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Macrogol 3350 oral

Updated 2 Feb 2023 | Osmotic laxatives


Oral formulations of macrogol 3350

Drugs List

  • macrogol 3350 8.5g oral powder sugar-free
  • TRANSISOFT 8.5g oral powder
  • Therapeutic Indications


    Treatment of chronic constipation



    Two sachets per day, taken as a single dose, preferably in the morning.

    The effect of macrogol 3350 will usually become apparent within 24 to 48 hours.


    Two sachets per day, taken as a single dose, preferably in the morning.

    The effect of macrogol 3350 will usually become apparent within 24 to 48 hours.


    Each sachet should be dissolved in half a glass of water (approximately 100 ml) immediately before use.


    Abdominal pain of unknown cause
    Children under 17 years
    Gastrointestinal obstruction
    Gastrointestinal perforation
    Severe inflammatory bowel disease
    Toxic megacolon

    Precautions and Warnings

    Disorder of fluid balance
    Predisposition to aspiration or regurgitation
    Electrolyte imbalance

    Dysphagia: Mixing with starch thickeners may increase risk of aspiration
    Exclude an organic disorder before initiating treatment
    Discontinue if signs of fluid or electrolyte imbalance occur
    Only recommended for short term use

    The treatment of constipation with medicinal products should only be considered alongside a healthy diet and lifestyle. This should include appropriate exercise, an increase in dietary fibre and liquids, and rehabilitation of the bowel reflex.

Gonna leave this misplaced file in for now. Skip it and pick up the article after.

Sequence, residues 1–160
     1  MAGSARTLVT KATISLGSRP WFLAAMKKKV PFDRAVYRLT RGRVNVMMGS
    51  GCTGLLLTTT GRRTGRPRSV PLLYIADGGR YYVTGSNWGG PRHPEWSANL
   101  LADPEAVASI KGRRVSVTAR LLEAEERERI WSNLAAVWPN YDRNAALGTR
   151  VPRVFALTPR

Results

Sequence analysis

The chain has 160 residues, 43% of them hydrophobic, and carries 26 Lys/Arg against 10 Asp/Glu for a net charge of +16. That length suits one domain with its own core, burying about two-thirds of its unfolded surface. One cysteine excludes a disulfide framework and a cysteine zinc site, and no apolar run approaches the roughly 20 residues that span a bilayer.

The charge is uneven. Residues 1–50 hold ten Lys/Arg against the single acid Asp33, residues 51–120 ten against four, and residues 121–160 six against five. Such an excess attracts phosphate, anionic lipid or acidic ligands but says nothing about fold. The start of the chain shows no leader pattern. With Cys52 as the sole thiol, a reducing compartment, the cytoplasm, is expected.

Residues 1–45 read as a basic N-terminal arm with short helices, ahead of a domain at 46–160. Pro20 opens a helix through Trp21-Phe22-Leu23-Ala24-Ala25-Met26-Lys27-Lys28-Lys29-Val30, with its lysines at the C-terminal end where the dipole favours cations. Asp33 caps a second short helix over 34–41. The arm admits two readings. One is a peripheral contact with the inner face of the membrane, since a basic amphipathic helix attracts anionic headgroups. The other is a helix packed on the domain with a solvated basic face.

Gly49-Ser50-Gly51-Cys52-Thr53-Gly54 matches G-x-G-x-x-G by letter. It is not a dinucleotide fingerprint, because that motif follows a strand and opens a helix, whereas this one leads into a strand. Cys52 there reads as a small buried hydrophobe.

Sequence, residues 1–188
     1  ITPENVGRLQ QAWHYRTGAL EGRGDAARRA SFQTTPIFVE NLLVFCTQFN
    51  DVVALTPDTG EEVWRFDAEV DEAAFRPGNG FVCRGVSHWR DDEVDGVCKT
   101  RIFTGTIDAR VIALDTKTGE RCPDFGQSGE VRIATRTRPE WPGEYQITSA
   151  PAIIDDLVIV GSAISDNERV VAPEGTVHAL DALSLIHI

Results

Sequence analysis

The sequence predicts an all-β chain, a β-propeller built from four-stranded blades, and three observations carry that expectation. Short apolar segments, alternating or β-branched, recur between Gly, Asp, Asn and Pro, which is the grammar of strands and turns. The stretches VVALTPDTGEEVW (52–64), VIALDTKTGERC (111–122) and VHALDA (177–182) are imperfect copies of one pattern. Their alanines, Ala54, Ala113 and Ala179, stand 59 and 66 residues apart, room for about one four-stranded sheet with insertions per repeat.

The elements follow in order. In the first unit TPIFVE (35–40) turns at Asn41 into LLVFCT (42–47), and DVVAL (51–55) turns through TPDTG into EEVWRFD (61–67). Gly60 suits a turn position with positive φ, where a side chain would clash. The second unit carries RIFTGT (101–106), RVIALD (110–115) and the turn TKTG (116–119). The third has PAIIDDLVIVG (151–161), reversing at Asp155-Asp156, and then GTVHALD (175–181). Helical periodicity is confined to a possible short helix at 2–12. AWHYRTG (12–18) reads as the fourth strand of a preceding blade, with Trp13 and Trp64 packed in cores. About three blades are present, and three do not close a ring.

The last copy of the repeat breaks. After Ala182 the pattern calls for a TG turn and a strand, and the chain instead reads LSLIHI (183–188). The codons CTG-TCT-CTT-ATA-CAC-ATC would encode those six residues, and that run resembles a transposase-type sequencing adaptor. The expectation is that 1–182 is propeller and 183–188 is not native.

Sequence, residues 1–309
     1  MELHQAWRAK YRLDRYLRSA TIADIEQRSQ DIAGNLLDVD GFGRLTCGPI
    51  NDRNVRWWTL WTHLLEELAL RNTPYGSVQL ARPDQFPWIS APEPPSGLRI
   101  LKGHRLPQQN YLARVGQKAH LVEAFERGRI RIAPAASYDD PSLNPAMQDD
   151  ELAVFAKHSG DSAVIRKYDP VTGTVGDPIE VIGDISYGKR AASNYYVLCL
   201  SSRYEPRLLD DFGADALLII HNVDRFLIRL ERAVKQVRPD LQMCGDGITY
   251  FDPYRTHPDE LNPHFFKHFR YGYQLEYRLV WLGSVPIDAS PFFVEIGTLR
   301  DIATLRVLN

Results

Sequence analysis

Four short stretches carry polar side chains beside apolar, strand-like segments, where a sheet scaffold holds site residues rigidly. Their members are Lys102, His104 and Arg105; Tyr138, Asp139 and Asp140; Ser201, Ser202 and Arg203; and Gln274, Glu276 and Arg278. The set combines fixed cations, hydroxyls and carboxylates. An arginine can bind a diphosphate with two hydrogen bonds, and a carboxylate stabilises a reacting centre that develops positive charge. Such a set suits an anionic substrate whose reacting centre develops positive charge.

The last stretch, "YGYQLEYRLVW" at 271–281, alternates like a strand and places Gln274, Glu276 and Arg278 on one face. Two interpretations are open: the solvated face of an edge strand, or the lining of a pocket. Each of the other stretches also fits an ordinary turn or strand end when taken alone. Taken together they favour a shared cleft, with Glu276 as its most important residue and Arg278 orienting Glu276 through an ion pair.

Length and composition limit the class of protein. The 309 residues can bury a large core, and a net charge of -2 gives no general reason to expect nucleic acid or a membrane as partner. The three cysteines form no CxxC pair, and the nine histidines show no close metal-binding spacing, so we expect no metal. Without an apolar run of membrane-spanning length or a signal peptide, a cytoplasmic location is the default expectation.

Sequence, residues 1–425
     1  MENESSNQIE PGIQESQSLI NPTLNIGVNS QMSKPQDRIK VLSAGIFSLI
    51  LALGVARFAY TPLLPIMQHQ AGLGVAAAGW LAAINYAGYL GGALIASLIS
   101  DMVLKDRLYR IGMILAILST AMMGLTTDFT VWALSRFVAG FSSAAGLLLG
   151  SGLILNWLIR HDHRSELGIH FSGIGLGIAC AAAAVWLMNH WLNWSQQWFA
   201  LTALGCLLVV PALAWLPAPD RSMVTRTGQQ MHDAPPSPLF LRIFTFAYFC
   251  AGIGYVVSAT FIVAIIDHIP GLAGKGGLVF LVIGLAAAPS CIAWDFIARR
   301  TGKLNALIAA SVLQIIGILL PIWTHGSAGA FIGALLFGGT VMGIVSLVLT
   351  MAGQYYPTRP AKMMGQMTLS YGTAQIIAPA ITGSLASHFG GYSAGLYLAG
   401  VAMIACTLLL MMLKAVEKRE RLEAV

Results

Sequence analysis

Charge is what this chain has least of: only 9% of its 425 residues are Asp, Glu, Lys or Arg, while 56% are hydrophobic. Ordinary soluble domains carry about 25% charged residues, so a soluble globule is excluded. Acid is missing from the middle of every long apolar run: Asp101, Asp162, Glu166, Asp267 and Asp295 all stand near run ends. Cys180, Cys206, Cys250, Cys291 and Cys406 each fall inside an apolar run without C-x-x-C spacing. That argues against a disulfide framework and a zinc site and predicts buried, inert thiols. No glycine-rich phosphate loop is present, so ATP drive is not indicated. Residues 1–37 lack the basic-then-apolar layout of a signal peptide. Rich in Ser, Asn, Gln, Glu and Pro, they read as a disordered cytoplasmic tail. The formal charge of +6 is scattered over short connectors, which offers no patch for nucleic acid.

Treatment with macrogol 3350 should not normally exceed 2 weeks, although this may be repeated if necessary. If the patient is still experiencing symptoms, despite associated dietary measure, an underlying cause should be further investigated.

    Consider electrolyte control in patients prone to fluid or electrolyte imbalances. If a patient develops symptoms indicating shifts of fluid/electrolytes, macrogol 3350 should be discontinued, electrolytes measured and any abnormality treated promptly.

    Addition of polyethylene glycol to a liquid that has been thickened with a starch-based thickener can produce a mixture that is thin and watery.

    Pregnancy and Lactation


    Macrogol 3350 is considered safe for use in pregnancy.

    No effects during pregnancy are expected as the systemic exposure of macrogol 3350 is limited. Animal studies show no signs of reproductive toxicity.

    The use of all medication in pregnancy should be avoided whenever possible; particularly in the first trimester. Non-drug treatments should also be considered. When essential, a medication with the best safety record over time should be chosen, employing the lowest effective dose for the shortest possible time. Polypharmacy should be avoided. Teratogens taken in the pre-embryonic period, often quoted as lasting until 14 to 17 days post-conception, are believed to have an all-or-nothing effect. Where drugs have a short half-life, and when the date of conception is certain, this may allow women to be reassured where drug exposure has occurred within this time frame. Further advice may be available from the UK National Teratology Information Service (NTIS) and through ToxBase, available via password on the internet ( ) or if this is unavailable at the backup site ( ).